By Elspeth Tilley

This short play was written for Amy Spiers’ #MirandaMustGo creative activism campaign
(, and is licensed under the Creative Commons
Attribution 4.0 International License. You are welcome, indeed encouraged, to use,
perform or remix it, provided you attribute the author (Elspeth Tilley) and the
commissioning artist and project (Amy Spiers and the #MirandaMustGo campaign).
Please see for detailed license

How it Goes was first performed in a rehearsed reading at Hanging Rock,
February 14, 2017, by Carissa Lee, Ash Dyer, Ben Hjorth,
Catherine Ryan, Amy Spiers and Beth Sometimes.

VISITORS Heavily armed, dragging large suitcases. Tired from
their journey, feeling entitled. They become
increasingly oblivious or histrionic, ramping up the

HOMEOWNERS At first, comfortably at home in their country. Then
perplexed, then increasingly angry and sardonic.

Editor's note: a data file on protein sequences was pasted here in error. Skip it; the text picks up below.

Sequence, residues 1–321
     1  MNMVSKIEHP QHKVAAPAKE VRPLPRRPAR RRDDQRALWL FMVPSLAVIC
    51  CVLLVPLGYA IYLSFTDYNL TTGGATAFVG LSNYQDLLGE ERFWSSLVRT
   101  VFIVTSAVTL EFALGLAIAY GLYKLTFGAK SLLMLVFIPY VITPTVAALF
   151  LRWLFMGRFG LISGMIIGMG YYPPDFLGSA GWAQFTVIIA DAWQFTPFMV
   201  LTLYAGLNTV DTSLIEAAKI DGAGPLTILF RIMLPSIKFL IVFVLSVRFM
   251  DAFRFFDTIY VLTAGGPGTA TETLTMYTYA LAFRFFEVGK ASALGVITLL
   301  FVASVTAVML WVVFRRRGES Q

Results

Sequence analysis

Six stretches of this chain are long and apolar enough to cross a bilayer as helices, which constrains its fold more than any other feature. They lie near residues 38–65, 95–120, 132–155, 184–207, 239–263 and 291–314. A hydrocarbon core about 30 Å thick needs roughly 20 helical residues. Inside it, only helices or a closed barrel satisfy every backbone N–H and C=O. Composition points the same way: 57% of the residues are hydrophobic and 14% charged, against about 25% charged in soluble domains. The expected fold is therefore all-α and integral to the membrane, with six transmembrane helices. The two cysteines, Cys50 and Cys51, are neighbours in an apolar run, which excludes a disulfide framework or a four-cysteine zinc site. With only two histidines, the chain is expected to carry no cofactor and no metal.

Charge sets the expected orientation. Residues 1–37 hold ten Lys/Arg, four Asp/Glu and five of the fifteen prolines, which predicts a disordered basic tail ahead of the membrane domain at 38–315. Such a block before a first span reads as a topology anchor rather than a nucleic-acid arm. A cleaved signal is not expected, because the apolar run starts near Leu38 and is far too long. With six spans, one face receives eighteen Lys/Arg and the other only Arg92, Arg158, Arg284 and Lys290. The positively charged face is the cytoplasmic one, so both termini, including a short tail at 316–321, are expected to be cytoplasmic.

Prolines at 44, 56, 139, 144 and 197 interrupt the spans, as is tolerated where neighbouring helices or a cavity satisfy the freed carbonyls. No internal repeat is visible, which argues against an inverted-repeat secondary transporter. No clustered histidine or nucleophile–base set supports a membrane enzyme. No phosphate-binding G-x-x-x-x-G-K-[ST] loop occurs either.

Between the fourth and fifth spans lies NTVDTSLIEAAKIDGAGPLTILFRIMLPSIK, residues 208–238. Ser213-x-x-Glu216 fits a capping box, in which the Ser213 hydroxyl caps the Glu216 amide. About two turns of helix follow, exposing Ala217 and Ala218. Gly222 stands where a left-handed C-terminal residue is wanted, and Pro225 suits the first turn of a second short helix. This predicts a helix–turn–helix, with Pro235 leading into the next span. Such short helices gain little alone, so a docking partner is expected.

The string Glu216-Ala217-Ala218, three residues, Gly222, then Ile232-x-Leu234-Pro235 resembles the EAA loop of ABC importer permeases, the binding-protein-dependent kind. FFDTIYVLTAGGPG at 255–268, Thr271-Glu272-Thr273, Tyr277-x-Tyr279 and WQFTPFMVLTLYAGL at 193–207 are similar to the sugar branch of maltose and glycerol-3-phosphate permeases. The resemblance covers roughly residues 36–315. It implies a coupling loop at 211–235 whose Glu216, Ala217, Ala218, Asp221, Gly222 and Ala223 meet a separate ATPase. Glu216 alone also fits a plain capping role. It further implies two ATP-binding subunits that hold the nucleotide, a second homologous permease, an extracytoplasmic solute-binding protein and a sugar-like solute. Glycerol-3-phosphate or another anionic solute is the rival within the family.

SAD FEMALE VISITOR Bereft. Tragic. Melodramatic.

WHITE ACADEMIC Well intentioned, somewhat disillusioned and
occasionally patronising.

ARTIST Persistent. Tenacious. Pragmatic.


A beautiful homesite near a creek, in the Woi Wurrung language area, Kulin nation. A
group of heavily armed visitors arrives and barges in without knocking, looking around
inquisitively. A group of homeowners comes forward to receive them. Please use
modern dress and inclusive casting for both groups. Each piece of dialogue for each
group of Visitors and Homeowners can be split among as many actors as are available,
or have one spokesperson for each group.

HOW IT GOES by Elspeth Tilley, for the #MirandaMustGo campaign

Hallloooo! Yoo hoo! Anybody home? Thought we’d just drop in and see how it goes.
[Pause, looking around disdainfully.]
Goodness, you haven’t done much with the place, have you? No home improvements at
all to speak of. And no garden. Just a big ‘ole wilderness.
[Dropping suitcases on the ground, sitting down
and generally occupying the space.]

Er, no, actually, we’ve done loads. We’ve changed the whole ecosystem.

[Craning eyes.]
Can’t see it, myself.